The Ministers must appreciate the help that they were given to enable them to wrestle with the formidable problems with which they are now presented, and which still remain, whatever the House may say. The task that still lies in front of Ministers is to implement the proposals which they set before the House. The proposals may have had a relatively quiet passage here today, but what Ministers heard from Government supporters was simply an augury of what they might expect in the affected constituencies. I know that they understand and appreciate that only too well, and I compliment them, therefore, on the fact that they have made this decision notwithstanding those political considerations. The work of the two groups has materially assisted in putting this debate on a sensible course. It has provided us with important data, although, in a moment, I shall have a little more to say about the fallibility of forecasting.

The common theme throughout the debate is that, wherever one seeks to site a major airport, there will be objections on environmental and planning grounds and on grounds of local considerations. What the Government—any Government—must do is to seek a solution based on a balance of advantage. Whilst environmental considerations are obviously very important, they cannot be paramount. May I say, incidentally and in parenthesis, that it is a pity that there is no Minister from the Department of the Environment present today, because many of the points that have been made bear upon the duties of Ministers of that Department.

Various strands of thought emerged during the course of the debate. It was argued that there is no need for further airport development in the South-East beyond, perhaps a little grudgingly, a fourth terminal at Heathrow, a second terminal at Gatwick, subject to the current planning inquiry—and a number of Members with constituencies in the Gatwick area are not very happy even about that—and a very limited development at Stansted, which my hon. Friend, the Member for Harlow (Mr. Newens) was prepared to accept when I was in office, although he does not want it to go beyond that. This assertion, of course, is made in the face of the analysis and the conclusions reached by the advisory committee.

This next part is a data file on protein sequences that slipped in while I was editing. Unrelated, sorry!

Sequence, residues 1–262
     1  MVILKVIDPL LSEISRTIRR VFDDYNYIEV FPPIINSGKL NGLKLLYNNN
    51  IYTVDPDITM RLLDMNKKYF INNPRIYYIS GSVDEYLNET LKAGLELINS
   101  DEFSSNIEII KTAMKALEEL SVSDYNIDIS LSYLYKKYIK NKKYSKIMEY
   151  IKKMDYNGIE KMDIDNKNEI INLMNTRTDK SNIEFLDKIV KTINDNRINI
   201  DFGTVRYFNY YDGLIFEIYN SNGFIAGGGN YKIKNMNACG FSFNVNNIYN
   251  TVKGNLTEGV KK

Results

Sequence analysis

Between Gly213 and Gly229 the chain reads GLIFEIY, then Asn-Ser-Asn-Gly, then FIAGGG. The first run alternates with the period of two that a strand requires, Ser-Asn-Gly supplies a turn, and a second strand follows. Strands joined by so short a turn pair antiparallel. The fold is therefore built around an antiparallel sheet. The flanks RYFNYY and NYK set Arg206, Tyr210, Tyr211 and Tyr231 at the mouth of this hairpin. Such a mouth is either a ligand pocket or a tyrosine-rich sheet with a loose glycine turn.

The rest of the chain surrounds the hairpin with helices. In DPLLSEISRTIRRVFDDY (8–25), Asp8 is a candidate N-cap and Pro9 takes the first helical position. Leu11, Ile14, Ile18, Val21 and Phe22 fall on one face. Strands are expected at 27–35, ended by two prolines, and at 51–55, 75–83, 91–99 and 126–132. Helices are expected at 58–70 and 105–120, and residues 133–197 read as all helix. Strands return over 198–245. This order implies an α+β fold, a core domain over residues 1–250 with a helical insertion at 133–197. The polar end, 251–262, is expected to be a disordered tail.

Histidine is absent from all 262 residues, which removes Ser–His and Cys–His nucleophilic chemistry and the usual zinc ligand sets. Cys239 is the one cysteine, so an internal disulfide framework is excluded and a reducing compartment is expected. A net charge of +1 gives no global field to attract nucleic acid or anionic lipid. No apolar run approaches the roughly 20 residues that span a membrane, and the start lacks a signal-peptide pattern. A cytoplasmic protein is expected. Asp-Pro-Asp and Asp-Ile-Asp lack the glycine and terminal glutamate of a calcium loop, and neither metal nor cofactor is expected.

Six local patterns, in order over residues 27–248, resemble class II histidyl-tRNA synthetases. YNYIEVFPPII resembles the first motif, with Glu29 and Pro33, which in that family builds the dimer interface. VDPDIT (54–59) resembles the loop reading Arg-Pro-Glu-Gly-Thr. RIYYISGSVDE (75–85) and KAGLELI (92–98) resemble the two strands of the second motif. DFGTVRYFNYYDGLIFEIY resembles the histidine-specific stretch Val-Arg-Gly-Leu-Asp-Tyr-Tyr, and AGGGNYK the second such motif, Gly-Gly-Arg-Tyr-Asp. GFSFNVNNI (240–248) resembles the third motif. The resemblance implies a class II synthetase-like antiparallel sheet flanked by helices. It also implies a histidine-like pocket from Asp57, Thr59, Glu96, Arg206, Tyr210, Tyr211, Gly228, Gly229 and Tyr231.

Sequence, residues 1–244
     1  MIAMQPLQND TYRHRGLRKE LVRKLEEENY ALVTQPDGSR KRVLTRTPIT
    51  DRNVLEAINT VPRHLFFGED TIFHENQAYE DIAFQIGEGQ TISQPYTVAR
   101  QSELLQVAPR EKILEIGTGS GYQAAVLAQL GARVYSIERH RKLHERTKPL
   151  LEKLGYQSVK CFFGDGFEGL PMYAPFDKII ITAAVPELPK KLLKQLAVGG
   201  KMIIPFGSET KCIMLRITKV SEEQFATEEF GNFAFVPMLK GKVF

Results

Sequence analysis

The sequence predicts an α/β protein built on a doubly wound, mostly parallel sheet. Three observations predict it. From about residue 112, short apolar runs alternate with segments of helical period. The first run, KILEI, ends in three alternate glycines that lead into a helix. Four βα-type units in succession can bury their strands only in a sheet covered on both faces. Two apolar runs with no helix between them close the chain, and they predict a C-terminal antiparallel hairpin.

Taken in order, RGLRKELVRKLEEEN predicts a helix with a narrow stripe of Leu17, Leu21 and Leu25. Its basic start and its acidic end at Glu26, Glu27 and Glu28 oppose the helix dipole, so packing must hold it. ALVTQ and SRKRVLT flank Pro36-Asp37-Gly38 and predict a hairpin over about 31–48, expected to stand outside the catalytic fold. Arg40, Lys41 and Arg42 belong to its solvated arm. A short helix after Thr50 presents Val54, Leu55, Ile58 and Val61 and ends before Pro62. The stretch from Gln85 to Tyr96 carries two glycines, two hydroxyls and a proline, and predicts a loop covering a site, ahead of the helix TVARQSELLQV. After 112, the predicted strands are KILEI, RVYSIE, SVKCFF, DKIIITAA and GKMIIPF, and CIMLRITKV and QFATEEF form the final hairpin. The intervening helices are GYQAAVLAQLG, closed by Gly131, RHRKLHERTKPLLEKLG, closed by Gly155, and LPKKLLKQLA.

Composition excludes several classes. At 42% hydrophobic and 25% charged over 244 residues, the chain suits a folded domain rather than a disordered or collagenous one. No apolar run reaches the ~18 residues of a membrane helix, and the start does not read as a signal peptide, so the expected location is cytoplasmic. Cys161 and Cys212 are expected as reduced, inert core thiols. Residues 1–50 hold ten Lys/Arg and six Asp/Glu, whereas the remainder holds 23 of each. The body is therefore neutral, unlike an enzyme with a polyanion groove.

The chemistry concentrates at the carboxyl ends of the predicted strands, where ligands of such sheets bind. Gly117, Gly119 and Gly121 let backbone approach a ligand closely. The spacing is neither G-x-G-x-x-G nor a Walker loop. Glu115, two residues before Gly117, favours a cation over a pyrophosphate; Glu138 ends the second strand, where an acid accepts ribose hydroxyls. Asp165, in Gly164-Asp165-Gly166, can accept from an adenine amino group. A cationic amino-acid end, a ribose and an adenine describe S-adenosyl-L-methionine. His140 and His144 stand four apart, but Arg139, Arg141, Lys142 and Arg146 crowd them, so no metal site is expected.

The second strand of thought appears to be that one can adopt the argument to which I have just alluded, with some qualifications, but it is coupled with the assertion that the massive development of regional airports represents an alternative to further airport development in the South-East.

The third strand comes from those who argue that Maplin, whether on the lines orginally envisaged or as a sort of mini-Maplin, as suggested by the Greater London Council, should be the preferred solution. The fourth is the line taken by the Government and, in essence, by the Opposition, embracing a flexible approach, which calls for the gradual development of Stansted and maximises, as far as is practicable, the use of regional airports.

A number of arguments have been prayed in aid by those against the proposals. The suggestion is made, quite rightly, that we are living in a period of economic recession, which is likely to deepen, that this has been stimulated by accelerating fuel costs, and that these factors will negate the forecasts made to support the view that the aviation industry will continue to develop. Indeed, my hon. Friend the Member for Harlow questioned the assumptions, with, I believe, some justification, that are set out in the Government's background briefing to airports policy on the likelihood of the annual growth in the gross national product to the end of the century. He may be right or he may be wrong: it is a forecast.